Terry O’Shane is the chairman of the ATSIC regional council in Cairns, a former commissioner of the ATSIC board – he was defeated by Ray Robinson ally Jenny Pryor in the 1999 election – and the brother of Pat O’Shane. The Supreme Court yesterday continued its injunction against The Courier Mail publishing allegations concerning Mr O’Shane. The case resumes in Cairns tomorrow.
NSW Liberal Senator Bill Heffernan made mention of Mr O’Shane in a speech to the Senate last night. Here is its text.
Senator HEFFERNAN (New South Wales Parliamentary Secretary to Cabinet) (10.08 p.m.)
Recent events have highlighted the sexual, physical and emotional abuse, often in warlike conditions, of women and children in our indigenous community. The honesty and clarity of the statements by the former chair of the Council for Aboriginal Reconciliation, Dr Evelyn Scott, is to be commended. The courage and strength of her family, her daughters, and son Mr Sam Backo is awe-inspiring. Their honesty in breaking the code of silence on the stolen innocence and ultimate betrayal of their childhood should be both a beacon of light at the end of what has been a very long and dark tunnel and an inspiration for all victims of child abuse.
In view of the widespread allegations that a high profile indigenous leader, Mr Terry O’Shane, is the person who abused members of Evelyn Scott’s family, I find the contradictions and hypocrisy of some male Aboriginal leaders breathtaking – none more so than that of the deputy chairman of ATSIC, who was convicted and jailed for rape in the 1960s and is now seeking the high moral ground.
It is not the least bit surprising to me to see that victims of abuse have suffered in silence all those years. The option to break their silence risked death. Sadly, many victims of all ages take the streets, drugs and suicide route and many other victims go on to be perpetrators.
A study commissioned by me in June 2000 and funded out of my office, titled Child sexual abuse in rural and remote Australian indigenous communities, did a preliminary investigation into child abuse in our indigenous communities. This study was undertaken by a Sydney University Masters graduate who won the university medal for her thesis on domestic violence in rural New South Wales. While this report of 50,000 words is not yet finalised, it certainly identifies a direct relationship between family violence; drug, alcohol and sexual abuse; malnutrition; family dysfunction; incarceration; and a culture of silence that is driven by fear of both emotional and physical intimidation. In the report there is ample evidence of the enormous catastrophe in everyday life that many indigenous people endure.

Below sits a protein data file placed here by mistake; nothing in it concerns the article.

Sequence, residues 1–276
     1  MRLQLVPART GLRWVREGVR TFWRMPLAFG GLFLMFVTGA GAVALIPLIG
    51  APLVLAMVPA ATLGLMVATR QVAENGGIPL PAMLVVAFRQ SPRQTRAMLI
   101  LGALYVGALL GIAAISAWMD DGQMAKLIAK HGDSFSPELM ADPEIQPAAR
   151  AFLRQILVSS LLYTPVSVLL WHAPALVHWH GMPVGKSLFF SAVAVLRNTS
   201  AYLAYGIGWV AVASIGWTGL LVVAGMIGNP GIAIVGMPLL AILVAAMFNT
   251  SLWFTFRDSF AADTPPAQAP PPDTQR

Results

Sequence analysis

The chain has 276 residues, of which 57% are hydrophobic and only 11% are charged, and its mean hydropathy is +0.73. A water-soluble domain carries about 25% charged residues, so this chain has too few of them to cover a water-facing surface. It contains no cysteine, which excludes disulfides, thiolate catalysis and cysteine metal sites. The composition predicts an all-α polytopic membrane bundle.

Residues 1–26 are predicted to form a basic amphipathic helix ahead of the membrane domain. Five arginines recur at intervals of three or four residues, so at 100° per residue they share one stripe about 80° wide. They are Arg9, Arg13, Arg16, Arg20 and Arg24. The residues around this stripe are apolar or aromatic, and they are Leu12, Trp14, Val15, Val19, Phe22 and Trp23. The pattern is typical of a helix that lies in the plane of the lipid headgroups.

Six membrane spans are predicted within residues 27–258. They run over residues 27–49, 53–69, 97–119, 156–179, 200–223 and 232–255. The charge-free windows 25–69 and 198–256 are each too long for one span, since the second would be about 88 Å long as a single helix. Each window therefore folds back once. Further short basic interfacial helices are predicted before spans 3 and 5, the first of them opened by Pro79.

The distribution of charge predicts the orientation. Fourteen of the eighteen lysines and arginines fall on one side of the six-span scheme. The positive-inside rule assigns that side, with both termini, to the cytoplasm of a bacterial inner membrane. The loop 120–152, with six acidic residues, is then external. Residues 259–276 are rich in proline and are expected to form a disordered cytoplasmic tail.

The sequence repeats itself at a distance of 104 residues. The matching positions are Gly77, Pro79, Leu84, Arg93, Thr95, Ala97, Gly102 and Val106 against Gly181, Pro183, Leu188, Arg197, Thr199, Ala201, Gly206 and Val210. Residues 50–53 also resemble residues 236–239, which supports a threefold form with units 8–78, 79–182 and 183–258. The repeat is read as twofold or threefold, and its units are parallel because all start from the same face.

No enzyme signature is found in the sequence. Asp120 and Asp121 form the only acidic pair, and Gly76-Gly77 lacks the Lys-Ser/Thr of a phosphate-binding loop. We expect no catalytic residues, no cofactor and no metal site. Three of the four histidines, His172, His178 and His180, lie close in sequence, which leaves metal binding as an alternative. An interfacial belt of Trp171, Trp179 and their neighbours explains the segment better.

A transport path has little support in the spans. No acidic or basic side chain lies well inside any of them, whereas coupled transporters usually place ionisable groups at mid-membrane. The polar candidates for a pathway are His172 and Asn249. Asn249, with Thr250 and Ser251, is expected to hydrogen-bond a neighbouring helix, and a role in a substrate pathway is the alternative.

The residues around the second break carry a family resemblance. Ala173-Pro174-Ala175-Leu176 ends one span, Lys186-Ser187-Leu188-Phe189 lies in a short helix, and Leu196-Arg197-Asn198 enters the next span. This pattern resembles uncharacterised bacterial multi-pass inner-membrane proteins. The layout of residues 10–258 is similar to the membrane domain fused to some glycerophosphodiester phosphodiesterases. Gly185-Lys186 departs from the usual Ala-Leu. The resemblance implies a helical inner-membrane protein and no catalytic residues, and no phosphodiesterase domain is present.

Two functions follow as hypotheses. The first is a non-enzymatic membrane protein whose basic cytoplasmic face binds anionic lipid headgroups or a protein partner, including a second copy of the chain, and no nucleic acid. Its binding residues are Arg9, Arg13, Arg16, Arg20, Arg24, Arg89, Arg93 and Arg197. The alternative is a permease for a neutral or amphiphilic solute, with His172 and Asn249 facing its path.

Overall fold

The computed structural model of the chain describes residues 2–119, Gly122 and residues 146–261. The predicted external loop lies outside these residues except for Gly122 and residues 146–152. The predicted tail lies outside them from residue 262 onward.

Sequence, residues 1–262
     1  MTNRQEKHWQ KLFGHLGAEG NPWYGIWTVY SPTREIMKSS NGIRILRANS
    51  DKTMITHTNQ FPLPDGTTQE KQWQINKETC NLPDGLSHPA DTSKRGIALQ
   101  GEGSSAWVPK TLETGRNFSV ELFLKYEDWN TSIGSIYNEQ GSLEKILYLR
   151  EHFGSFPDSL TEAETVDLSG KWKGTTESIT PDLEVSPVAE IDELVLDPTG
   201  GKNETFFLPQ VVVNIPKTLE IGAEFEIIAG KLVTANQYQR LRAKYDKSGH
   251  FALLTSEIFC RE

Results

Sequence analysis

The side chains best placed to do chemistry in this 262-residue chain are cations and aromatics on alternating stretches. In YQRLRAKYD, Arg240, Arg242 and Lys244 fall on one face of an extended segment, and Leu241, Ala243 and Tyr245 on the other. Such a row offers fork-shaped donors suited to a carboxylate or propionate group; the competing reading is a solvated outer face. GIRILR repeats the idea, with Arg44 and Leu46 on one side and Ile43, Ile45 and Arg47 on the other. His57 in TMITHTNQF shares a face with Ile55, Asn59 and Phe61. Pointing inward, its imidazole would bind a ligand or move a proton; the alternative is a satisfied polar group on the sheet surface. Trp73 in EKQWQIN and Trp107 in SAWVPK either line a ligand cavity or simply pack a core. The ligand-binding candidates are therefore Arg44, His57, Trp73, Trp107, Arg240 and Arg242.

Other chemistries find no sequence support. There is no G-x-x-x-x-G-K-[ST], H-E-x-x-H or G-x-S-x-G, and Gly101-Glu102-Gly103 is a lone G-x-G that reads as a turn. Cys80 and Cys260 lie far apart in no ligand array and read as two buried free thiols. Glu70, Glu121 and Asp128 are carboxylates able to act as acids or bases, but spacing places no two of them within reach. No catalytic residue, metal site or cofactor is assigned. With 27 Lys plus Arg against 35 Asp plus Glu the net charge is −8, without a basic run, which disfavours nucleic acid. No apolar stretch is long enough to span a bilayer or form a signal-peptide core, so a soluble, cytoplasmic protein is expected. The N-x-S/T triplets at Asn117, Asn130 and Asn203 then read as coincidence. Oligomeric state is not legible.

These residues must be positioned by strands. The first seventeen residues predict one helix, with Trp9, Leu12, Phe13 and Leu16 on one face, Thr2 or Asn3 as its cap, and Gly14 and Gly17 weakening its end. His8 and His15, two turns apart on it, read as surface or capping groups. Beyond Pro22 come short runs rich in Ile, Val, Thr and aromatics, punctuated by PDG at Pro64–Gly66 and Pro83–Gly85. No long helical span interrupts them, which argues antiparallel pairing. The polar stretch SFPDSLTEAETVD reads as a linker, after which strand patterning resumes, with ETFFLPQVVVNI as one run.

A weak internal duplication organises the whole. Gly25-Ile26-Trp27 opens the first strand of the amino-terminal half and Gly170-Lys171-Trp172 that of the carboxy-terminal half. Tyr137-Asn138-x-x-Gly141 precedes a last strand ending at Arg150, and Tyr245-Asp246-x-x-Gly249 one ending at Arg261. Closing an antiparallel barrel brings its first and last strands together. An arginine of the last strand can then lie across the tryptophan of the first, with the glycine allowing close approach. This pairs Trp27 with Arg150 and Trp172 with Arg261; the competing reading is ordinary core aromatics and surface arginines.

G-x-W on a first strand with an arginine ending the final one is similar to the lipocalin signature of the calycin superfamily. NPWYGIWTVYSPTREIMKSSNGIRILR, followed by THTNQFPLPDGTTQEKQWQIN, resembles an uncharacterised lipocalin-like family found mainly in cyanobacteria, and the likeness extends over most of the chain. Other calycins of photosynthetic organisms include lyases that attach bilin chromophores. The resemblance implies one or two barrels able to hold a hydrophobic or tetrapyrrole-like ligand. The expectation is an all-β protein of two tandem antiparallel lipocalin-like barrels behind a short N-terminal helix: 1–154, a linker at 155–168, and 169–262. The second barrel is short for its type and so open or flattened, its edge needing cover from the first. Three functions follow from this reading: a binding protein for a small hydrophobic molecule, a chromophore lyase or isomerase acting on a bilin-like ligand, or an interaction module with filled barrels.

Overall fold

This catastrophe can best be summarised by a quote from Maryanne Sam, author of Through black eyes: a handbook of family violence in Aboriginal and Torres Strait Islander communities.
It reads: “The silence of the victims has brought so much fear and pain into their lives. The silence of families has caused a breakdown in our cultural and moral values, and the silence of the abuser has meant little hope of them getting the sort of help they need.”
I am sure that Mr Sam Backo understood this when he said to the Courier Mail last week: “It was only last Sunday that I had the first conversation with my mother for an hour and a half and it was the best conversation I have ever had in my life. When they say the expression ‘a child loses its innocence’, I know about that, and I went on to play for Australia. I’ve been carrying that for a long time.”
Mr Backo said he had discussed child sexual abuse with his best mate, rugby league star Peter Jackson, who died of a drug overdose in 1998 after repeated sexual abuse as a teenager. He said he wanted to publicly support his mother, the former chairwoman of the Council for Aboriginal Reconciliation, who .. said her daughters had been sexually abused as children. The other reason for speaking out was that he had five children of his own. Mr Backo said the perpetrator of the abuse against him was a family member.